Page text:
Edward VIII praises Queen Elizabeth II's reign in 1969
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The Queen did not become the heir apparent to the throne until she was 10, when her uncle suddenly abdicated in 1936. King Edward VIII gave up the crown so that he could marry his twice-divorced American partner, Wallis Simpson; both the Government and the Palace condemned divorce at the time, and so ordered Edward to choose between his royal destiny and his romance. When he sided with Mrs Simpson, he became an outcast to British high society and had to relocate to France, able to only use the new royal title of the Duke of Windsor. His wife was not afforded a royal title.
Effectively living in exile, he and Mrs Simpson wed while the rest of the Royal Family scrambled to install his reluctant younger brother — King George VI — as the reigning monarch instead.
George was a popular and successful sovereign throughout World War 2, but his wife — later the Queen Mother — reportedly blamed his early death on the stress of suddenly taking to the throne.
Their daughter, the current Queen, then had to deal with the deep tensions between the monarchy and her estranged uncle during the early decades of her own reign.
This relationship will be explored in Channel 5’s programme, ‘Elizabeth II & The Traitor King: A Secret Friendship’ at 9.30pm tonight.
Although the Duke of Windsor rarely ventured back to the UK to visit his royal relatives after he triggered the abdication crisis, the Queen did visit him in May 1972 during a state visit to France.
Accompanied by Prince Philip and Prince Charles, the royal trio had tea with Mrs Simpson, while her husband was advised by doctors not to leave his bed for the occasion.
The BBC also alleged that he was “dreadfully disappointed” not to be able to see all of the royals.
But, royal commentator Hugo Vickers claimed in the TV documentary ‘Elizabeth: Our Queen’, that the Queen did go for a 15-minute private chat with her uncle after tea.
He alleged: “With great difficulty [the Duke] rose from his bed to give his bow because, of course, she was his Queen now, as well as his niece, and it meant a great deal to him that she paid him this final courtesy.”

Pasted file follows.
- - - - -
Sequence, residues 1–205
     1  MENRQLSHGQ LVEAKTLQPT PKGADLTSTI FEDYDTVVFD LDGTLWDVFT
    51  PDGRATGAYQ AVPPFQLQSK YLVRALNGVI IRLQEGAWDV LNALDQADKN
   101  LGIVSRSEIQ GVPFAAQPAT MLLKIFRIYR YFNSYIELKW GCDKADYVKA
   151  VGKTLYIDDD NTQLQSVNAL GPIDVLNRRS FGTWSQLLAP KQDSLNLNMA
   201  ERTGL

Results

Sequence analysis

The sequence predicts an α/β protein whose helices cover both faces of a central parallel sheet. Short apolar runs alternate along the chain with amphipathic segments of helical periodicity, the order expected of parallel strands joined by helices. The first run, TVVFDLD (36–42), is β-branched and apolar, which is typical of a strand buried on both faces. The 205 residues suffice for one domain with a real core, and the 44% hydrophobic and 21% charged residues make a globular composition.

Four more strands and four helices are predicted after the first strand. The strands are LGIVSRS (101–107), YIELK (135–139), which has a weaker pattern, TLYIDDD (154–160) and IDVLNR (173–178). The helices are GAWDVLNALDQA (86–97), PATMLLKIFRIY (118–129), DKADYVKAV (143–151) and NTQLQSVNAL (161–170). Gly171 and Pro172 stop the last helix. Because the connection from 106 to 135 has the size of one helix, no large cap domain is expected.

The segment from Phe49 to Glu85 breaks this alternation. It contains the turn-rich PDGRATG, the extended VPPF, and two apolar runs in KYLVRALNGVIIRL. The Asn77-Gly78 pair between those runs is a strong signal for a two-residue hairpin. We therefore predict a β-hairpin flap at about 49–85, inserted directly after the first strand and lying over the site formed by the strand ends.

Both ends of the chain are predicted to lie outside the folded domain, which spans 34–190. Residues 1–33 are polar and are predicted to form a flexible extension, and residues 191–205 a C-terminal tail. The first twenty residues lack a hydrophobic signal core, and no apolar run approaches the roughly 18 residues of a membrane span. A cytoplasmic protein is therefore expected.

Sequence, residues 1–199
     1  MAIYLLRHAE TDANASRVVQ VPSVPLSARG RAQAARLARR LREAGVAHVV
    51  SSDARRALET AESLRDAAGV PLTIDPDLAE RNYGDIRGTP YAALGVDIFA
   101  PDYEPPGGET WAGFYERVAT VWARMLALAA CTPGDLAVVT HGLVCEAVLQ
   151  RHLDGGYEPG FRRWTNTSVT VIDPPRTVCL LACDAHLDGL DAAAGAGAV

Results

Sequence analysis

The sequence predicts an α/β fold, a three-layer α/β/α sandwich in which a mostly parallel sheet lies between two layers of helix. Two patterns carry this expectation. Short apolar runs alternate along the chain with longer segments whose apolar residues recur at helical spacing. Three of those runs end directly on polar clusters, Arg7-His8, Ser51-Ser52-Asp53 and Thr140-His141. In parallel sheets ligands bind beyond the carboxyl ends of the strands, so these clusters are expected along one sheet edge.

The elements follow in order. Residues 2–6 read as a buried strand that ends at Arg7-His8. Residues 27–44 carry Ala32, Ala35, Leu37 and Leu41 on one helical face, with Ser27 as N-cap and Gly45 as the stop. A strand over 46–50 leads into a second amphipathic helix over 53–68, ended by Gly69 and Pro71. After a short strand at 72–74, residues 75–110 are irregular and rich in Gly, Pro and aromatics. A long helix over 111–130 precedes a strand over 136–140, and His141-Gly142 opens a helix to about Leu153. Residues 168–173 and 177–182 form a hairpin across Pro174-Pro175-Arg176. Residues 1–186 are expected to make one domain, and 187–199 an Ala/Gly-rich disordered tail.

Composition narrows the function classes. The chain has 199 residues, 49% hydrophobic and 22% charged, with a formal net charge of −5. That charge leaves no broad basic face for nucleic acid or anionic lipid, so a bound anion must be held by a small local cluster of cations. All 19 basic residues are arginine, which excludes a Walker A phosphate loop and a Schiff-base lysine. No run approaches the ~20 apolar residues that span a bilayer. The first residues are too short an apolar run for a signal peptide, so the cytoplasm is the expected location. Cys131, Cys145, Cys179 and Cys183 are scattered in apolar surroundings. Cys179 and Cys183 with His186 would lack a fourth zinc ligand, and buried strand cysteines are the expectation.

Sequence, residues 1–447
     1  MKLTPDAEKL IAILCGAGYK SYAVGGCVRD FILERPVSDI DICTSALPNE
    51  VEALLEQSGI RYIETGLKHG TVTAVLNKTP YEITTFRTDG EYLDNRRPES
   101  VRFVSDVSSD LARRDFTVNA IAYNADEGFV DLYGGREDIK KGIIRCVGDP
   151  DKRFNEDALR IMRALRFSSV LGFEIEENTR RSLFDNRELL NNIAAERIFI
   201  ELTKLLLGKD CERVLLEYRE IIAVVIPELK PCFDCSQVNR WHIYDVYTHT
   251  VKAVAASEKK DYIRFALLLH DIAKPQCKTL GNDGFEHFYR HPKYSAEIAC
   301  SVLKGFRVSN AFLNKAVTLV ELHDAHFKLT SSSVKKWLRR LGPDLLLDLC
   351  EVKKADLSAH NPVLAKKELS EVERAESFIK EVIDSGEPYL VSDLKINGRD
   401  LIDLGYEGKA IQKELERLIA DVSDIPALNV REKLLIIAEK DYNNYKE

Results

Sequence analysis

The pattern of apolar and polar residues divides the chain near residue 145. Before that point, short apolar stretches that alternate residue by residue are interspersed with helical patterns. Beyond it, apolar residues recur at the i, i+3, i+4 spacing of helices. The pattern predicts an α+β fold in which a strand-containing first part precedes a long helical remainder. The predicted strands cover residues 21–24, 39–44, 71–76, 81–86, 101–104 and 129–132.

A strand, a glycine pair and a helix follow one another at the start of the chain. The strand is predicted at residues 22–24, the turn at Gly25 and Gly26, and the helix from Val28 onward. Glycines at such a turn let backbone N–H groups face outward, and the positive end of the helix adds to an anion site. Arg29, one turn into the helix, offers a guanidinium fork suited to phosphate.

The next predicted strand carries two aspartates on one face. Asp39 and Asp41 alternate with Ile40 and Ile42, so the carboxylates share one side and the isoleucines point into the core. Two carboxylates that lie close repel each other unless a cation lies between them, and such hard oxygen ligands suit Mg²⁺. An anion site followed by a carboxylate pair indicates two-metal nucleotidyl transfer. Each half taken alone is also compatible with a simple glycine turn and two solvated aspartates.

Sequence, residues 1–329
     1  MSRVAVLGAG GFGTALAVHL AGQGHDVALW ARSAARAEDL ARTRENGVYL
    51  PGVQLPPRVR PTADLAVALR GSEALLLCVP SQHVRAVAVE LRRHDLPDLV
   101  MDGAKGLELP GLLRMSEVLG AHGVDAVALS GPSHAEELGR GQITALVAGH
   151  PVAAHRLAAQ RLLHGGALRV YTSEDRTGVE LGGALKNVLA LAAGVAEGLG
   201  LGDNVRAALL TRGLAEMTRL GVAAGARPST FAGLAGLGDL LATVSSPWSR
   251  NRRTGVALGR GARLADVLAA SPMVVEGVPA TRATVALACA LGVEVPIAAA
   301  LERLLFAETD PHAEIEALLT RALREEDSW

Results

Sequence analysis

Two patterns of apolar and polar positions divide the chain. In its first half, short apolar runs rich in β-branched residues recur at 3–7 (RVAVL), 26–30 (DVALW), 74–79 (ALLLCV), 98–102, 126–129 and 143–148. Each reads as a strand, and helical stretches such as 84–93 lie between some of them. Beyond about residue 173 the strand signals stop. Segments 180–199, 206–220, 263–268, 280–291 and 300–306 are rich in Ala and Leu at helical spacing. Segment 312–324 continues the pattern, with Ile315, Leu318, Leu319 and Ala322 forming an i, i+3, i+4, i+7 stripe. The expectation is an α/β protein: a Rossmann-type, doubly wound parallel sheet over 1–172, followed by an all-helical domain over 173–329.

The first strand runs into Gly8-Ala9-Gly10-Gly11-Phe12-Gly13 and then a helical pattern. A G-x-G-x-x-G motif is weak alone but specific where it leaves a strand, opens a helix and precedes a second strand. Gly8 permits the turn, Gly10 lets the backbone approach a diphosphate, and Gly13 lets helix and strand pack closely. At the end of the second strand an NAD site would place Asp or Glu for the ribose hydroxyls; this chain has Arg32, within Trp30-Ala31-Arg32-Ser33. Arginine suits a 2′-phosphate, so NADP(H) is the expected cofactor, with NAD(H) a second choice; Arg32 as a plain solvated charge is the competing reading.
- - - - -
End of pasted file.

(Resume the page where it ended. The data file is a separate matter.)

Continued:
But Mrs Simpson’s friend, the Countess of Romanones, claimed in an interview with Vanity Fair that the Queen showed “no compassion, no appreciation for his effort” when he managed to leave his bed.
She also alleged the monarch’s aloof manner suggested she “was simply covering appearances by coming here because he was dying and it was known that she was in Paris”.
The Countess continued: “I greeted the Queen at the door downstairs.
“She was not at all warm to his wife of 35 years, but then, I shouldn’t complain.
“She was just as cold to him. I escorted her upstairs — her expression was hard when she entered the room.”
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Despite this, royal author Sally Bedell Smith said the Queen was feeling emotional at the time.
In her book, ‘Elizabeth the Queen: The Life of a Modern Monarch’, she alleged that the Duke’s doctor saw the sovereign had “tears in her eyes” when she left her dying uncle.
It was the first time the Queen had visited the Duke in his own home, and their first meeting in five years — it would also be their last.
The Queen did allegedly call him “Uncle David” during their meeting too, suggesting a return to their former closeness.
However, Mr Vickers also claimed not every aspect of this visit was as emotional.
He said: “The dogs jumped up and that rather annoyed the Queen because the Queen doesn’t like badly behaved dogs.”
The Duke of Windsor died ten days later from throat cancer after a long illness — he had also been house-bounde after a hernia operation for six weeks leading up to the royal visit.
In honour of his death, the Queen released a telegram which read: “I know that my people will always remember him with gratitude and great affection and that his services to them in peace and war will never be forgotten.”
Elizabeth II & The Traitor King: A Secret Friendship will be available to watch on Channel 5 tonight at 9.30pm.
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